ROMANIAN ANTIWAR DEMONSTRATIONS DRAW SMALL TURNOUT
Some 30 protesters gathered on 15 February in Bucharest's University Square to demonstrate against a possible war in Iraq, Mediafax reported. A larger crowd of about 100 war protestors attended a rally in Cluj the same day. MS

ROMANIAN PARTIES RALLY IN SUPPORT OF 2007 EU ACCESSION
In a joint declaration signed in Snagov, near Bucharest, Romania's political parties on 14 February pledged to bridge their differences and cooperate in the joint pursuit of meeting the 1 January 2007 target for joining the European Union, RFE/RL's Bucharest bureau reported. Trade unions, civic and national minorities' associations, employees, and employers' representatives also signed the declaration. Prime Minister Adrian Nastase warned at the meeting that if Romania does not complete its negotiation process with the EU by mid-2004 it might encounter additional difficulties in its quest to join the union, as it would then face an organization representing the interests of a considerable greater number of states than is now the case. MS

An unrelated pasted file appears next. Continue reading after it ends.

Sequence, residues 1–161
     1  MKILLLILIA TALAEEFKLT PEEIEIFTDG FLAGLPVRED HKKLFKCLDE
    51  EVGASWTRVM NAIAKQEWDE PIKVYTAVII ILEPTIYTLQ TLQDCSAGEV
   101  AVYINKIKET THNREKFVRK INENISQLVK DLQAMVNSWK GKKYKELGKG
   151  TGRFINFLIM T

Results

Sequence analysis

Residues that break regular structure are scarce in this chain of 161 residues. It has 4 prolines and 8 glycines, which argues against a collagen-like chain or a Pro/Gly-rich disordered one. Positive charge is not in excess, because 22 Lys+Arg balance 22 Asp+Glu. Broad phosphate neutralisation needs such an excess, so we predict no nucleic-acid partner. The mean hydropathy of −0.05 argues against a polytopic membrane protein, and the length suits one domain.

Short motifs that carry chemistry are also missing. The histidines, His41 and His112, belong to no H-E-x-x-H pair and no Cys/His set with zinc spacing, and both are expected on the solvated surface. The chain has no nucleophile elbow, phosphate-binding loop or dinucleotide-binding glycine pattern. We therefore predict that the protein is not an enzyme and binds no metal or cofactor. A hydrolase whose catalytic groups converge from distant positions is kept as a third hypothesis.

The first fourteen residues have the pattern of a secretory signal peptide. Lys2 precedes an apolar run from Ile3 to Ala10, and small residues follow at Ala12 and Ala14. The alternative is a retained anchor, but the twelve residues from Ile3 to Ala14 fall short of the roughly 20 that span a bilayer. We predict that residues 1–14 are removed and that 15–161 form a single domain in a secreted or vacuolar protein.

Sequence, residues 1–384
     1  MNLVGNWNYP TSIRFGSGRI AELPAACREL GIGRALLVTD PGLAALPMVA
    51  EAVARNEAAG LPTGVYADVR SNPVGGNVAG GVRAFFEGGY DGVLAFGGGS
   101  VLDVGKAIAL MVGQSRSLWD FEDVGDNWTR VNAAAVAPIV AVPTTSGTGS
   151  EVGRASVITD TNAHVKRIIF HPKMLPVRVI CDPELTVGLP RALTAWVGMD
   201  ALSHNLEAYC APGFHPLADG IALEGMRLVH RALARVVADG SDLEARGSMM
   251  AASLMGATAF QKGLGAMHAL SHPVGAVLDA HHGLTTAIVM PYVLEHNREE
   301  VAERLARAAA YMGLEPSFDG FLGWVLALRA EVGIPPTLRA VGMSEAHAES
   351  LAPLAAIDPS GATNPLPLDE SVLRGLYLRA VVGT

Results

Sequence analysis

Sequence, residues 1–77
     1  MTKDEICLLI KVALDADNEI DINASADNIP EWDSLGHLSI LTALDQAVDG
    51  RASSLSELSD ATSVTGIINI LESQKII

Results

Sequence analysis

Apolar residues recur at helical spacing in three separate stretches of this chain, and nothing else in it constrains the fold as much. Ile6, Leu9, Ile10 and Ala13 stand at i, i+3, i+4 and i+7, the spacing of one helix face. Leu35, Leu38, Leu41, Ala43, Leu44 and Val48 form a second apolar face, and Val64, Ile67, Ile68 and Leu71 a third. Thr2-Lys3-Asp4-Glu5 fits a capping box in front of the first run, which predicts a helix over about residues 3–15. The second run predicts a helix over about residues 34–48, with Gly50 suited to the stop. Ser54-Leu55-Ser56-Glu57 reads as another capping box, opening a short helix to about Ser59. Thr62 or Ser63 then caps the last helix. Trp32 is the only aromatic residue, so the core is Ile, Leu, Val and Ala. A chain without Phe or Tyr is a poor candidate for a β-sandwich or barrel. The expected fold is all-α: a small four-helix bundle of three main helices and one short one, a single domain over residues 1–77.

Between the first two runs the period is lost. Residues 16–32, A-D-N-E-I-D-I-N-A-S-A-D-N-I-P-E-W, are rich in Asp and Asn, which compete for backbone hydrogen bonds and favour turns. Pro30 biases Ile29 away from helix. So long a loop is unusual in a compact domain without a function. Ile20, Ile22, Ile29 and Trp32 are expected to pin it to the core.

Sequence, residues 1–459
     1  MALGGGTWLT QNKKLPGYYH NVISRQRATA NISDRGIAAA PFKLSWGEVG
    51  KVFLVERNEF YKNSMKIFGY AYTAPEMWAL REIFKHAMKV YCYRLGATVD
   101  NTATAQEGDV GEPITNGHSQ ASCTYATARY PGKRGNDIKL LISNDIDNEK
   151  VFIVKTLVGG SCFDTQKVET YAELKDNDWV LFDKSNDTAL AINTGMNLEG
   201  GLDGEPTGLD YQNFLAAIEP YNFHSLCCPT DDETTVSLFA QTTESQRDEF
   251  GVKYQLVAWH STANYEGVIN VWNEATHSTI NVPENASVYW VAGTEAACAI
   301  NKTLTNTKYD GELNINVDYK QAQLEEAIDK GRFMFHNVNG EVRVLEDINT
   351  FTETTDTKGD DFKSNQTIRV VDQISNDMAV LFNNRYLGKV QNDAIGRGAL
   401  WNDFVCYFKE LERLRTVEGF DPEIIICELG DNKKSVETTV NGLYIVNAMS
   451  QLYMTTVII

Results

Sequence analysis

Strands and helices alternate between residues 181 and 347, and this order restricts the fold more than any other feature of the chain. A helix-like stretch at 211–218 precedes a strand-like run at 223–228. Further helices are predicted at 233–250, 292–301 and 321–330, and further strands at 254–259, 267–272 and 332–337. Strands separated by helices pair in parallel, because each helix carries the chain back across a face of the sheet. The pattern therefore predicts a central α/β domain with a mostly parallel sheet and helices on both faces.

ROMANIAN SENATE REJECTS ANTIGOVERNMENT MOTION
The Senate on 17 February rejected a motion submitted by the Greater Romania Party (PRM) to debate the government's tax policies, Romanian Radio reported. The PRM accused the government of having increased taxes to unprecedented levels, thus triggering a decline in consumption while encouraging corruption through tax exemptions granted to its political cronies. The motion was rejected by a vote of 76 against to 33 in favor, with 22 abstentions. MS